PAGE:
Several numbers were tossed around during that dream. When I woke up the next morning and saw people on Facebook talking about buying their Powerball tickets, I kind of dismissed it. I must have dreamed about it because I inadvertently heard someone talking about it. I can count on one hand the number of times in my life I've purchased a lottery ticket, and while it'd be nice to have my family to the beach house for Christmas, I just kind of believe in hard work and perseverance instead of dumb luck.

But I ain't gonna lie. I wrote down the numbers from my dream. I decided that maybe, just maybe, if I had time, I'd go buy the ticket. Of course, shortly after I decided that, things got a little hectic, and I spent the week dealing with a difficult work project and an equally difficult car issue. By the time I got the car out of the shop and was settled in on Wednesday night, I realized I'd forgotten to buy a ticket but eh, I wasn't going to win anyway.

On Thursday morning, I hopped on Facebook and saw that many friends had posted news about a winning lottery ticket in Massachusetts. While waiting for my dog to come inside, I decided to glance at the winning numbers. To my surprise, I had almost all of them, and the one I didn't have was only one number off from what I did have. Upon doing further research, I realized that I would not have won the $700-million-whatever-it-was, but depending on which number I chose as the Powerball, I could have won either $100 or $50,000. Enough to either buy my groceries for the week or that Lexus SUV I was eyeing earlier. Whatevs.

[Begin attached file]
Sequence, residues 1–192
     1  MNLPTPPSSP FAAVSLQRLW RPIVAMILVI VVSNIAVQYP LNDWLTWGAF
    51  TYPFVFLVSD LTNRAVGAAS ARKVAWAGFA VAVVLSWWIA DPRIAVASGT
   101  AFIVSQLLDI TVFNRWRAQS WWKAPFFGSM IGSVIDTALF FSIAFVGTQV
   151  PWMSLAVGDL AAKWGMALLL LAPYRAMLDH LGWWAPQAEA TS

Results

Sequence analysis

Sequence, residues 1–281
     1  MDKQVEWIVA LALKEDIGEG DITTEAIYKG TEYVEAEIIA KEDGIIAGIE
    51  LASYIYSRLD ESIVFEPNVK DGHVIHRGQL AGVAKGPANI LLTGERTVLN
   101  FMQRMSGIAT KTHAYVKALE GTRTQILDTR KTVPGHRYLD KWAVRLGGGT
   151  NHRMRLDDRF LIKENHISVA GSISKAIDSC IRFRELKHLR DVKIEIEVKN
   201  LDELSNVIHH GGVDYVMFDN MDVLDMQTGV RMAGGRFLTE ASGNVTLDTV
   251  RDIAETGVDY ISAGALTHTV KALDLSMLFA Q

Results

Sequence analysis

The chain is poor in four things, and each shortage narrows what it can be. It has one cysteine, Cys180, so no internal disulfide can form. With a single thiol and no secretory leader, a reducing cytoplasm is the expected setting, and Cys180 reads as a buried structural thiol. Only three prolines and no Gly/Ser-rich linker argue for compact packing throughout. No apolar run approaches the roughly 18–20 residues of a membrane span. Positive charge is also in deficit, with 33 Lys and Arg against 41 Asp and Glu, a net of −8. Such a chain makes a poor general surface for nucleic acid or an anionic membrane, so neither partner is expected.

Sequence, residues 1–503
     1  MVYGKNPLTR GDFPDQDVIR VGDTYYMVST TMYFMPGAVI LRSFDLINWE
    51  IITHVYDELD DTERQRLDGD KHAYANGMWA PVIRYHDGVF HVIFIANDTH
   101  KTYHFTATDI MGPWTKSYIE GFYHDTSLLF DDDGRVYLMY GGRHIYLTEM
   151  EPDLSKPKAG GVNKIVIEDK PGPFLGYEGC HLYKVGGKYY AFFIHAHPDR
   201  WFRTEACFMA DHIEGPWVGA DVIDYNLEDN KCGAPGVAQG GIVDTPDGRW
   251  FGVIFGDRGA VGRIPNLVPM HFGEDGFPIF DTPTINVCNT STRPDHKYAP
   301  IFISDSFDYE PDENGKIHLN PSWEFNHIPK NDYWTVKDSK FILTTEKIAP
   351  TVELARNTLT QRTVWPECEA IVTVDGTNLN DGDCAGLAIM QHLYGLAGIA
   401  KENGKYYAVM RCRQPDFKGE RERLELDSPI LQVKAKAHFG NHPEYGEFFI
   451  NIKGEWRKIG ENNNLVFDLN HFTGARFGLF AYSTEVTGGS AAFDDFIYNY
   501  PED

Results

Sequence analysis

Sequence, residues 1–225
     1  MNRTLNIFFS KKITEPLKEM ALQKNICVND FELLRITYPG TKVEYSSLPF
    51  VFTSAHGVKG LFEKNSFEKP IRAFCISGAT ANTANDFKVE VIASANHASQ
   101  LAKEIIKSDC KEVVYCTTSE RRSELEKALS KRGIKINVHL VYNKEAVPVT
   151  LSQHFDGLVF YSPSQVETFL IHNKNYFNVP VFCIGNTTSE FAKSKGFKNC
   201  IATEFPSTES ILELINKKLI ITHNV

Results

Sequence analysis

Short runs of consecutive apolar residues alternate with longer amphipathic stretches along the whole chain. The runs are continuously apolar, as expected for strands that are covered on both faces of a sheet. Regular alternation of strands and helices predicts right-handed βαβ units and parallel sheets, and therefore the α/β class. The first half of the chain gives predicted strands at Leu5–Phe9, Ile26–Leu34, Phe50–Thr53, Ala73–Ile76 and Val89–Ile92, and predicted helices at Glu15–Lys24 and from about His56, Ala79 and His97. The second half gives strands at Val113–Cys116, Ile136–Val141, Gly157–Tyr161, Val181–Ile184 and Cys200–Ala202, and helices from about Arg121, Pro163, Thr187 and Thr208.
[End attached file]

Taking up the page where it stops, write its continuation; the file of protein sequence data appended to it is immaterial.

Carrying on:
* * * * *

My near miss with the lottery wasn't the only exciting thing to happen this week. Unless you've spent the last month in a coma, and perhaps even then, you know a total solar eclipse went rolling across the United States on Monday. I was actually supposed to be in Charleston that day - a trip I'd had planned since May - and I was excited about it because the Greatest City in the World just happened to be in the path of totality, while poor little old Atlanta here was only at 97 percent. Long story short, I had to switch my trip dates to September, but I figured 100 and 97 were about the same thing.

Apparently 100 and 97 are about the same thing in everything but total solar eclipses and lottery games. Most people I know were underwhelmed with this celestial event, but you know, we all stood outside wearing our overpriced sweat-drenched paper glasses and staring up at the sky anyway.

I think this guy was a little underwhelmed with the eclipse.

Underwhelming as it was, at least I got to watch it with the cutest people I know.

While it wasn't quite what I expected, it was kind of neat to have something bring some kind of unity to the country right now. For a few hours, no one was talking about Nazis and statues and riots. Instead, they were spending time with the people they love (or work with) and geeking out over this proof that we're all just one small part of the same universe. My cousin came over with her two little boys. We sat outside and watched until it was over and the 6-year-old asked if we could do something else now because he was bored. But just like people can tell you where they were in 1979 and 1984, I'll always look back and remember that I was standing in the front yard where I practically grew up with some of my favorite people during the total solar eclipse of 2017. 

There is supposed to be another eclipse in 2024, and maybe I'll drive to one of the states that is in the path of totality for that one. Maybe next time I dream about Powerball numbers, I'll actually buy a ticket and beat the odds. For now, though, I have to say I'm pretty content with living a 97 percent totality kind of life.

Eclipse shadows on the driveway

July 08, 2017

It's never too hot for a yard sale...